CHARLOTTE, NC (WBTV) - Early Johnson is hoping an autopsy will reveal how his 19-year-old son, James Hampton, died Saturday evening.
Hampton was playing in a basketball tournament in Virginia Saturday. According to a report from the Charlotte Observer, the 19-year-old athlete collapsed on the court during a game and died.
Hampton's family members live in the Washington D.C. area, but Hampton came to Charlotte to play basketball at the Liberty Heights Athletic Institute. He also played for Team United, a Charlotte AAU organization.
In a phone conversation Monday night, Johnson spoke about the questions he has regarding his son's death. Johnson said he wasn't at the tournament and wonders what transpired immediately following his son's collapse.
According to the Charlotte Observer, Hampton appeared unconscious as medical personnel ran on to the court to assist him. Chest compressions were administered.
"I don't know how long it took the paramedics to get down there," said Johnson.
He said he was getting calls from people at the game who told him his son's heart had stopped. He wants to know if a defibrillator was present somewhere in the vicinity.
"I think people need to open their eyes up and know that anything can happen at any time and you got to be prepared," said Johnson.
The grieving father said he isn't angry at anyone or looking to place blame, but does want to know what led to his son's death.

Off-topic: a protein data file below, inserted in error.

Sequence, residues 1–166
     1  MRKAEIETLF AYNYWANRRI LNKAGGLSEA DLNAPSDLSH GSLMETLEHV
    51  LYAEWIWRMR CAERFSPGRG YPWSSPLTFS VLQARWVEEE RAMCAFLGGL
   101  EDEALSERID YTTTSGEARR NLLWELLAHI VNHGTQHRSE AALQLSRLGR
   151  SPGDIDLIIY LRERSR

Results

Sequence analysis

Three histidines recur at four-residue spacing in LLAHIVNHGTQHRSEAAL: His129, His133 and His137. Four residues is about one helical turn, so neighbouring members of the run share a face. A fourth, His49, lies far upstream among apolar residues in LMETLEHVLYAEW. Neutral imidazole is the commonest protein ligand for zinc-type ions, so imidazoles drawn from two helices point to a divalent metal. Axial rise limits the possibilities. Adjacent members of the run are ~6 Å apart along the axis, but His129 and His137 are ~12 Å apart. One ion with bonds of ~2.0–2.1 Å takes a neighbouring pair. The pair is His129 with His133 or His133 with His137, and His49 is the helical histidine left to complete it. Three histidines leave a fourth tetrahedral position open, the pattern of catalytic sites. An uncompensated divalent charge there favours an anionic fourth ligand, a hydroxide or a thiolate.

WBTV reached out to Nike after hours Monday to inquire about medical personnel and medical equipment present at the games. A spokesperson for Nike says medical personnel were present for the games and a defibrillator was used in an attempt to keep Hampton alive.
Johnson said his son has passed out during basketball games before, but doctors have never been able to determine what was causing this to happen.
"They ran every test on him from the brain to the heart and the hospital said everything came back normal," explained Johnson.
He said that doctors had placed his son on seizure medication at one point, but he hasn't heard any information from those at Saturday's game that would lead him to believe his son suffered a seizure prior to his death.
There has been an outpouring of support for Hampton on social media. NBA Hall of Famer Scottie Pippen and University of South Carolina Men's Basketball Coach Frank Martin are among those who have shared messages about Hampton. Johnson said he appreciates all the kind words that have been coming from professional athletes and basketball fans.
"You see the love I'm getting from the players. NBA players are tweeting. Everybody is giving love to this boy," said Johnson.
James' funeral is being held at 10 a.m. on Friday, June 8, at The Temple of Praise Church in Washington, DC.